Obama drops the C bomb

President Obama is no longer afraid to talk climate and, like the UK, has announced significant plans to tackle climate change. Meanwhile, Australia and the EU mull changes to their carbon pricing schemes.

Ahead of the Independence Day holiday this week, US and UK leaders set forward their plans of attack in the ongoing effort to curb the globe’s rising temperatures. And on the other side of the world, Kevin Rudd ousted Julia Gillard as Australian prime minister, leaving some observers to wonder whether he will speed up plans to link the nation’s carbon market with Europe.

It used to be a word that made some US politicians blush, but President Barack Obama does not seem to be afraid to say it anymore.

‘Climate’ was the focus of the president’s speech at Georgetown University in Washington on June 25. Obama proposed a sweeping plan that sets goals to reduce carbon emissions and bolster renewable energy, while also preparing the country for the consequences of planetary warming.

His ‘climate action plan’ includes an order to the Environmental Protection Agency to limit CO2 emissions from existing power plants. The president has directed the EPA to issue a revised proposal for new power plants by September 20, with a final rule following in a ‘timely fashion’.

EPA draft rules for existing power plants are now due by June 1 2014, with final standards to be issued by June 1 2015. If the standards for existing plants are similar to those that have been proposed for new plants so far, they would likely spell the end of coal-fired generation in the US.

Some clean energy portions of the plan include an initiative to increase renewables’ share of federal power procurement to 20 per cent by 2020, from 7.5 per cent now. Another proposal would direct the Interior Department to permit 10GW more renewables capacity on public lands by 2020.

As much as possible, the plan is designed to be carried out without Congressional assent. Yet, actions that Obama may consider to be entirely within his administrative purview, such as public land use and energy efficiency at federal properties, will likely be targeted by Congressional opponents.

Looking abroad, Obama pledged to end US government financing of overseas coal projects, a promise that could end millions of dollars in support for power plants in nations such as Vietnam and India. He called for ending US support, unless these projects are in the poorest nations or have expensive carbon-capture technology.

Over in the UK, energy companies were given new details relating to the nation’s Electricity Market Reform, which promises ‘low-carbon, affordable and reliable power for the long term’. Just a few weeks prior, the House of Commons narrowly voted against an amendment to the Energy Bill that would introduce a 2030 carbon intensity target for the power sector in 2014, rather than potentially in 2016, as the government proposes.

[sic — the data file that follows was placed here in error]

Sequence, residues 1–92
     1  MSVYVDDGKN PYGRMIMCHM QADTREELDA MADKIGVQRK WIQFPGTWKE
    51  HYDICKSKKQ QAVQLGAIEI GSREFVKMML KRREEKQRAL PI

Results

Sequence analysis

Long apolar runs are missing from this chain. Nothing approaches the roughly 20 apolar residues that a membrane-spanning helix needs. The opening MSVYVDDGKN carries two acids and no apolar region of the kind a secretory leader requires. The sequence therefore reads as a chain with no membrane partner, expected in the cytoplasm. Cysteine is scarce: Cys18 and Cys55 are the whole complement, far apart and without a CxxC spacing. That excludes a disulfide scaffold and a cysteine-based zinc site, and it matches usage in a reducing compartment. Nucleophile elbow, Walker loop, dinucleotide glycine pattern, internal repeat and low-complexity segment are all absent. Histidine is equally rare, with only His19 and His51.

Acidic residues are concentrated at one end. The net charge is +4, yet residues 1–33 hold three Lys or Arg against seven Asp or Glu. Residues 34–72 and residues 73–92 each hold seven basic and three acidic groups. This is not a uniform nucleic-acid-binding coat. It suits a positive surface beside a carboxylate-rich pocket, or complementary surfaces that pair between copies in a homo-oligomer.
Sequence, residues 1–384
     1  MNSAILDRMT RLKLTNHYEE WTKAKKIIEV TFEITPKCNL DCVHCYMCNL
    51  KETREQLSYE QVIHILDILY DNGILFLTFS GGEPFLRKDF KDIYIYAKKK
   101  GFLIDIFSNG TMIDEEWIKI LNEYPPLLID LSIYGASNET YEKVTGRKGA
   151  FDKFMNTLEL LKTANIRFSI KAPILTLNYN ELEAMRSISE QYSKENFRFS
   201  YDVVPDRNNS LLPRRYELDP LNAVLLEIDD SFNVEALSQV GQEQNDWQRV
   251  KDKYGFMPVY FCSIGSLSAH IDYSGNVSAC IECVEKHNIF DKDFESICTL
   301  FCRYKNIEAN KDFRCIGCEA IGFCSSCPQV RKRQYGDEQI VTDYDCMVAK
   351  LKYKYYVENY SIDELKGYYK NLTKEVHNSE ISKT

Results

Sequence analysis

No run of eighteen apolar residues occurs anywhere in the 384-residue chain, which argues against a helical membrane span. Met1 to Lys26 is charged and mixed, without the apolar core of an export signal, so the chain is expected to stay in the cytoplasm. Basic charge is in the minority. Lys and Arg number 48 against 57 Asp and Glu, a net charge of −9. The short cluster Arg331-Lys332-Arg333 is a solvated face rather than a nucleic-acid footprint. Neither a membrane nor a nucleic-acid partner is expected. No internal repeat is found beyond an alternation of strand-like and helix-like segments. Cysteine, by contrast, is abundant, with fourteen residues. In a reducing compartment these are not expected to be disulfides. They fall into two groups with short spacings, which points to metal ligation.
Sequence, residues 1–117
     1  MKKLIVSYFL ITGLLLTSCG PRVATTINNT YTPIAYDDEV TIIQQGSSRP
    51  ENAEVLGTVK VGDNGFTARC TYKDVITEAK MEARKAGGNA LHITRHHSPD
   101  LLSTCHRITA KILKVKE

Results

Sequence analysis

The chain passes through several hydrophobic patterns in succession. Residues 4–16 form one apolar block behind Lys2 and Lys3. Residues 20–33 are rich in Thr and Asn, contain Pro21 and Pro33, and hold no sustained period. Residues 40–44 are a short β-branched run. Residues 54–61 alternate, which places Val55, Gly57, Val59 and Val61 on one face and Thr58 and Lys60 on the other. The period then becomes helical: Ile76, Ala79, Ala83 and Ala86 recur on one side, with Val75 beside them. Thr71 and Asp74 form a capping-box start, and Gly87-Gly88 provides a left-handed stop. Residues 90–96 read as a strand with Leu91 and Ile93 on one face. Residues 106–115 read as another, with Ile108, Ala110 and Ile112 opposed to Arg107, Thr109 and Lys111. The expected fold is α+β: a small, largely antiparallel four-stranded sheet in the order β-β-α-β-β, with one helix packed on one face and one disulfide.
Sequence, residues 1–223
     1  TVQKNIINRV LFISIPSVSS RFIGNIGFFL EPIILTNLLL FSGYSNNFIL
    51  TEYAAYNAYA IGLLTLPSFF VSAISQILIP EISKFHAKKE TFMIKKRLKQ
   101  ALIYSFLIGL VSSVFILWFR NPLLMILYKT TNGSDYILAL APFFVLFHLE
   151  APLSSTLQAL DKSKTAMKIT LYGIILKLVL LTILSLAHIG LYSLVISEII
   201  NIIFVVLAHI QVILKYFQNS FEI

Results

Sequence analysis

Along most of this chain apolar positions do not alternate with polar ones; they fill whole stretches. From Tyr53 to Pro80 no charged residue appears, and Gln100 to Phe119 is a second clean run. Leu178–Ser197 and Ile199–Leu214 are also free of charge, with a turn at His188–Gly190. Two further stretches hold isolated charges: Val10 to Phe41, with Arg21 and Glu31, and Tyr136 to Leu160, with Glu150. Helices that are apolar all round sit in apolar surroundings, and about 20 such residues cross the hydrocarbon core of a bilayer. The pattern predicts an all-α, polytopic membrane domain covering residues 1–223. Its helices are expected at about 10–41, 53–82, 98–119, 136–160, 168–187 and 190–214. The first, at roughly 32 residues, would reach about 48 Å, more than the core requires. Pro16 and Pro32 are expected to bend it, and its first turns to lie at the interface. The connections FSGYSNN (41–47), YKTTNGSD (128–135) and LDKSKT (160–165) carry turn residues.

The most important of the new announcements last week was of the strike prices for the contracts for difference for all renewable technologies. Though the incentives are roughly in line with current Renewable Obligation Certificates, the announcement now allows developers to compare the attractiveness of the two schemes while they overlap in the period 2014-17.

The government also said it will run its first capacity market auctions next year, for delivery by the winter of 2018-19. The purpose of the mechanism is to ensure there is enough generation capacity that can be brought online at times of peak demand. The UK is concerned that it is facing a capacity shortfall as coal plants retire due to EU emissions regulations and gas power stations are mothballed on account of poor generation economics.

Moving Down Under, Australian politics caught many people’s attention last week, including that of carbon market watchers.

After winning a vote against Gillard, Rudd became leader of the governing Labor Party and later prime minister. Some media reports have suggested he may now be forced to give way on the country’s controversial fixed carbon price.

The Australian market is set to link with the European Union in July 2015. Until then, emitters pay a fixed price that is about four times the market price in Europe. Now Prime Minister Rudd may be pressured to move from a fixed carbon price to a trading scheme earlier than planned. However, this requires legislative change so it could not occur until after Australia’s election in September, if he were to win.

Finally, the WilderHill New Energy Global Innovation Index (NEX) recovered from an early swoon to finish up 2.3 per cent in the trading week ended June 28. The top NEX weekly gainer was US biofuels source KiOR, which was up 39.3 per cent. Advanced biofuels producers, such as KiOR, are benefiting from expectations that there will be insufficient supply to meet the US Renewable Fuel Standard blending mandate for 2013.

EU carbon

European carbon slipped last week as traders closed positions ahead of a vote on an emergency plan to fix the region’s oversupplied emissions market. European Union allowances (EUAs) for December 2013 lost 3.9 per cent over the week to close at €4.21/tonne on Friday, compared with €4.38/t at the end of the previous week.

EUAs had a bearish start to the week, dropping to an intraday low of €4.05/t on Tuesday, after the majority of European People’s Party (EPP) working group spoke out against the carbon market rescue proposal. The European Parliament is set to vote on July 3 on the plan, known as backloading, which would delay sales of some carbon permits. Prices later recovered and stabilised below €4.50/t over the next few days, on low trading volumes.

UN Certified Emission Reduction credits (CERs) for December 2013 gained 6.4 per cent last week to close at €0.50/t.

This article was originally published by Bloomberg New Energy Finance.